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Paper: Observational Evidence for the Accretion of Low-metallicity Gas onto the Milky Way: Metallicity, Physical Conditions and Distance Limit for HVC Complex C
Volume: 166, Stromlo Workshop on High-Velocity Clouds
Page: 26
Authors: Wakker, Bart P.; Howk, J. Chris; Savage, Bart D.; Tufte, Steve L.; Reynolds, Ron J.; van Woerden, Hugo; Schwarz, Ulrich J.; Peletier, Reynier F.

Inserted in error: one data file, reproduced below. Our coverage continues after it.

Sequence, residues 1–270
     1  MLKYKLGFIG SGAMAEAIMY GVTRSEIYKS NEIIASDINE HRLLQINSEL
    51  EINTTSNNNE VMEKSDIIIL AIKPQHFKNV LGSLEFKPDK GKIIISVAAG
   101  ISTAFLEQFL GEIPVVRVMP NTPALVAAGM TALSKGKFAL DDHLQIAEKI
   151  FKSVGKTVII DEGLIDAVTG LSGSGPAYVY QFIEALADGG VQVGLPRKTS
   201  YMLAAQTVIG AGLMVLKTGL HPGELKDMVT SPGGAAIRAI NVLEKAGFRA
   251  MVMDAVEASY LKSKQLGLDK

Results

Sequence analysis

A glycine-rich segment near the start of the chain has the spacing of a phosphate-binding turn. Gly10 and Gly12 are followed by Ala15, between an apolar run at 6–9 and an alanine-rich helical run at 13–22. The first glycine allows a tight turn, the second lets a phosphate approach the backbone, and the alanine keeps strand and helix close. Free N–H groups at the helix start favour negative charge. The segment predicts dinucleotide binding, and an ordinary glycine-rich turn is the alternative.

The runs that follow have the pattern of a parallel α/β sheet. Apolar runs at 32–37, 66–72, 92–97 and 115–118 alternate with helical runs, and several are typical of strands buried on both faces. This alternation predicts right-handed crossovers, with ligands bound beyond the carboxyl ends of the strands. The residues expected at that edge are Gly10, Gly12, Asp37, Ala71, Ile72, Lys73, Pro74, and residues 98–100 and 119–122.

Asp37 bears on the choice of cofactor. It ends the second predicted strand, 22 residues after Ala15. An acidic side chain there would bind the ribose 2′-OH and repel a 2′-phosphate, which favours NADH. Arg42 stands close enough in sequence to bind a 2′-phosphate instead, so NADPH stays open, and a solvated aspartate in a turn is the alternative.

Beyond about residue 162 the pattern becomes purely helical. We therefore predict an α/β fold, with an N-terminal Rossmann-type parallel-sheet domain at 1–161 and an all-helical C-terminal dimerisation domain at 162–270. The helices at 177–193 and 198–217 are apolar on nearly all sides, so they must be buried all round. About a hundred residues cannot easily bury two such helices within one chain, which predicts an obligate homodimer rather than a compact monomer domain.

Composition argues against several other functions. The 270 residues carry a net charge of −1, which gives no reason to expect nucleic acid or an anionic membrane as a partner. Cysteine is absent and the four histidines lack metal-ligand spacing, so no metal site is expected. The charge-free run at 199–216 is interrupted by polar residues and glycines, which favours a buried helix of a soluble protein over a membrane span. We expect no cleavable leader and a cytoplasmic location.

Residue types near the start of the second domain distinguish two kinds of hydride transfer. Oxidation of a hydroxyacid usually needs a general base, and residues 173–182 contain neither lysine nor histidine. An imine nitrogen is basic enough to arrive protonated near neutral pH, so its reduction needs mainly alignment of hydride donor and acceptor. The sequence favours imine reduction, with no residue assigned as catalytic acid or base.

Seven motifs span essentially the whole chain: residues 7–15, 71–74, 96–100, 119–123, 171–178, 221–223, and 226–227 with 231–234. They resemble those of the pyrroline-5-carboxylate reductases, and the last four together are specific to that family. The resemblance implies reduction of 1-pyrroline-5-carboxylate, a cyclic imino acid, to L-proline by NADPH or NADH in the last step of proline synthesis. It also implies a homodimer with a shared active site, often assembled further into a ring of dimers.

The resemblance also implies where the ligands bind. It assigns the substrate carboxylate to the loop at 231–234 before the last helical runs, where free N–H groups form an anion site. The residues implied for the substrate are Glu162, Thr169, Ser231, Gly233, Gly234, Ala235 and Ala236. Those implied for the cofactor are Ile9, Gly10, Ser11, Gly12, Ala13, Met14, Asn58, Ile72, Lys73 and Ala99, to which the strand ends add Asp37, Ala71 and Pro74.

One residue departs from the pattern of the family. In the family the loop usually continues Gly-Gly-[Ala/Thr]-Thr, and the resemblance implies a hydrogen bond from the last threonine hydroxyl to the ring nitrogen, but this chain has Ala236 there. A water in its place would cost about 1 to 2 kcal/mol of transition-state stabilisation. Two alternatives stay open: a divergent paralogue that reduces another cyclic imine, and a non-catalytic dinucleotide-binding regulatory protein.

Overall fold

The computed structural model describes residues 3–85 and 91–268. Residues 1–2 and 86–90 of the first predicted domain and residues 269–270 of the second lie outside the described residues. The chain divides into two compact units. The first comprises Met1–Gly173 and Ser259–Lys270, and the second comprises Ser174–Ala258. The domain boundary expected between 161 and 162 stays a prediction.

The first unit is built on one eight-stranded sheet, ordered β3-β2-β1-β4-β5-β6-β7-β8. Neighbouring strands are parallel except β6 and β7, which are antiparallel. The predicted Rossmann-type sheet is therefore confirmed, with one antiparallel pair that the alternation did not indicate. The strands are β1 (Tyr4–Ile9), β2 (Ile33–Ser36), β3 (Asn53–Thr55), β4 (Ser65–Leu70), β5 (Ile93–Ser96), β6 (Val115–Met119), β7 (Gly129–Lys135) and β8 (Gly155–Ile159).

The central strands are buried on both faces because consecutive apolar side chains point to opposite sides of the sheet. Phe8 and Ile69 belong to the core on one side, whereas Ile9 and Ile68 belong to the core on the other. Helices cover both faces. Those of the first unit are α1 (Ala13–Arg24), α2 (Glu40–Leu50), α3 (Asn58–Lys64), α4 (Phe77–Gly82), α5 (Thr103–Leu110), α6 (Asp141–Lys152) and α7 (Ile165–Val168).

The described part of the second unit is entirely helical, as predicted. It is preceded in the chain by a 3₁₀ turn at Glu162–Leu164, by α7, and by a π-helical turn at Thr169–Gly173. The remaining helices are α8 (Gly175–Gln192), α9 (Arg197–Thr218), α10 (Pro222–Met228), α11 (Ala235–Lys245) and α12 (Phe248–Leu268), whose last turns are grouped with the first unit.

Abstract: We present observations of the (field of the) Seyfert galaxy Mark 290, which probes the high-velocity cloud (HVC) complex C, one of the largest HVCs (Wakker & van Woerden 1991). We find that this object has a metallicity of 0.094+/-0.020^{+0.022}_{-0.019} times solar. We determine a lower limit to its distance of 5 kpc (z>3.5 kpc). If the gas is in thermal equilibrium with a hot halo, then it is also likely that D<30 kpc, putting the HVC in the Galactic Halo, as was the case for HVC complex A (for which z=2.5-7 kpc; van Woerden et al. 1998). We find that, on this sightline, H^+ represents 23+/-10% of the hydrogen in the HVC. The total gaseous mass is 2.0tdex6\ (D/5 kpc)^2 M_odot and, depending on whether the space velocity is completely radial or vertical, the HVC represents a downward mass flux of 0.036-0.083 (D/5 kpc) M_odot yr^{-1}, or 2.9-6.7tdex{-3} (D/5 kpc)^{-1} M_odot yr^{-1} kpc^{-2}. The low metallicity and large mass suggest that complex C is unlikely to be part of a Galactic Fountain, but rather represents accreting low-metallicity material. It may be a present-day analogue of the damped Ly alpha absorbers seen in QSO spectra. Our abundance result provides the first direct observational evidence for the infall of low-metallicity gas on the Milky Way, required in models of galactic chemical evolution. It remains to be seen whether ultimately complex C is a remnant of the formation of the Milky Way (Oort 1970), a gas cloud orbiting the Galaxy (Kerr & Sullivan 1969), a Local Group object (Verschuur 1969, Blitz et al. 1996), the result of tidal interactions between the Magellanic System and the Galaxy >3 Gyr ago (an "Old Magellanic Stream"; Toomre, quoted in Kerr & Sullivan 1969), or was formed when hot, ionized intergalactic gas was compressed by the motion of the Milky Way (Silk et al. 1987).
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